Roseville Urban Forest Foundation hosts tree planting
The Roseville Urban Forest Foundation wants to spruce up a riparian area along Dry Creek and they’re asking residents to pitch in.
Over the past decade or so, students at Adelante High School — which sits adjacent to the property — and other community members have periodically planted trees and bushes and kept the area clean.
But the land became overgrown and littered with trash, and sometimes transients take up residence there. The city recently cleared out much of the overgrown brush, which left a blank canvas.
“So we’re cleaning up and starting over,” said Katie Palatinus, who volunteers with the foundation and teaches science at Adelante.
The foundation will host a public clean-up and tree planting event in the area on Saturday. They’re working in conjunction with the city of Roseville, with plans to remove invasive vegetation and plant native flowers and trees. Adelante students will eventually create an interpretive trail.
“The goal is to shade the stream beds a little bit more. The fish like certain temperatures,” Palatinus said. “We’ll plant natives in the space that got cleared out to ensure erosion control and make sure non-natives don’t take over again.”
The foundation formed in 1993 and has nine active members and about 300 on its email list. They host plantings around Roseville once a month from November through March, said Program Manager Lani Houck, who also teaches in the agriculture department at Sierra College.
Scott Dietrich, an environmental engineer with the city's open space division, said the partnership between local government and the forest foundation is critical for completing work that might not otherwise be a priority for the city or may not have sufficient funding to complete.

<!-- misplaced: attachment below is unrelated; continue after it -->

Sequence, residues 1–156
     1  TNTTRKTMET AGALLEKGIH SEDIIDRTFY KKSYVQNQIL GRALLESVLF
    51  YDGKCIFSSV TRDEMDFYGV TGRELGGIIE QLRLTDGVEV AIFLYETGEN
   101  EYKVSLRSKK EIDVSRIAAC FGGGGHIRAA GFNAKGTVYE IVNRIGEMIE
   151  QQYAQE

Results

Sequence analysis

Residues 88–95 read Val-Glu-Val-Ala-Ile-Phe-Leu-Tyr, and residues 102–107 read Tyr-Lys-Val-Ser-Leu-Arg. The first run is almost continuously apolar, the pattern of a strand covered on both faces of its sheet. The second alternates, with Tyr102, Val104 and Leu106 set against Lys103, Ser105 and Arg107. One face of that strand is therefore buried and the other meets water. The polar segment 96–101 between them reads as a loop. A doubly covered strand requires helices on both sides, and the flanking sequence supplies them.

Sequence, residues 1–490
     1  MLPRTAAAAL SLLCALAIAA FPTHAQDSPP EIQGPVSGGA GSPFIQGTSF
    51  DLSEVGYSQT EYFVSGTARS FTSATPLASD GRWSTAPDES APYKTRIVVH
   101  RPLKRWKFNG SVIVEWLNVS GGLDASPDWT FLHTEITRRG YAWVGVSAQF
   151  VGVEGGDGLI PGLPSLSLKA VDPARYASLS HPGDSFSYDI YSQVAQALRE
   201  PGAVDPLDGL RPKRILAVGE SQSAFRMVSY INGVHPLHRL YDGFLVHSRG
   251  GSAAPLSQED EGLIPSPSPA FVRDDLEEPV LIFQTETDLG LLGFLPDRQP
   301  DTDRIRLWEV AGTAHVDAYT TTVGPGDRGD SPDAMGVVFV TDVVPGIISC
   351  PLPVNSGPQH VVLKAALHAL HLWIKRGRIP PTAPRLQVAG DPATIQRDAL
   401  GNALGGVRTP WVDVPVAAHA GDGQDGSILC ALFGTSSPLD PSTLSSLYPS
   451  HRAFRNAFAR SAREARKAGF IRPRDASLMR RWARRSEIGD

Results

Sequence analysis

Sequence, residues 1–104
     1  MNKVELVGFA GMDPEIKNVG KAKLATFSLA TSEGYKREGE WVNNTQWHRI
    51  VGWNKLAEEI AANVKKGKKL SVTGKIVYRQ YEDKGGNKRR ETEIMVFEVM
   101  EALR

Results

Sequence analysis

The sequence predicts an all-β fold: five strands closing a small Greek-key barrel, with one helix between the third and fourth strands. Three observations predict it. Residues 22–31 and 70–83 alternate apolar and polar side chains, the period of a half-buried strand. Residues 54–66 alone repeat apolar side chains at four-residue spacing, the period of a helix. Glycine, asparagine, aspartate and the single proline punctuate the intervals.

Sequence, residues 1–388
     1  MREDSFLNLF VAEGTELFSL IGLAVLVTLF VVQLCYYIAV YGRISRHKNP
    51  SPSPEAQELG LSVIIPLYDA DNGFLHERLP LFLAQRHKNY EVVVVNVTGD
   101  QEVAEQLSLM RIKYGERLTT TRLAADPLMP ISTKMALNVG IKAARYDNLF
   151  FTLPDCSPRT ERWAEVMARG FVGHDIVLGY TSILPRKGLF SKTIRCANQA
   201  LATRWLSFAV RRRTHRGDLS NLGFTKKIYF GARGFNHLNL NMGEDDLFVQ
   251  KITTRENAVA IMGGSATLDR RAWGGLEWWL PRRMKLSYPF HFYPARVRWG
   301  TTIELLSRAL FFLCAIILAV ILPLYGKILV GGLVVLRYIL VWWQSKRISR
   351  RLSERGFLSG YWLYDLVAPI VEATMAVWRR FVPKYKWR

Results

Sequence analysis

“(City Manager) Ray Kerridge’s new outlook on things is to get the community involved,” Dietrich said.
Roseville also collaborates with the Dry Creek Conservancy and Adopt-a-Creek on various projects throughout the year. It’s a win-win for all groups involved, according to Houck.
“They have the expertise and staff we don’t have,” she said. “And we have expertise and volunteers.”
Roseville needs continued maintenance on creeks and open spaces as a result of increased urbanization, Dietrich said. With urbanization comes stormwater run-off, which funnels more water into creeks. This causes widening of creeks, which weakens the root system of trees along the bank. Sometimes, these trees then fall into the water.
The foundation and city will plant trees along Dry Creek to stabilize the soil and provide canopy coverage, cooling the water for improved salmon habitat.
“So it has double benefits,” Dietrich said.
He said they will plant about 60 willow stalks along the bank — this type of tree makes new roots and grows quickly, unlike oaks.
In a little nook near Dry Creek, where stormwater collects, there are several species of invasive plants, including the Tree-of-Heaven and small palm trees.
“The problem is they take away habitat from native plants,” Palatinus said.
The city has cleared out overgrown brush on the property because dense areas pose a fire hazard. Volunteers will plant flora to liven up the area.
“You don’t want it to look like a city park, but you want some open space,” Dietrich said. “It’s difficult to keep that balance.”
The goal is to improve the area and make it look nice for visitors. The foundation also wants to encourage residents to take part in maintaining Roseville’s natural spaces. Houck said her group has found that when people come out to a tree planting, they tend to come back again.
“When it looks better, people take care of it better,” Houck said.
Sena Christian can be reached at firstname.lastname@example.org. Follow her on Twitter at SenaC_RsvPT.
Roseville Urban Forest Foundation public tree planting
When: 9 a.m. Saturday, March 10
Where: Meet at Adelante High School, 350 Atlantic St. in Roseville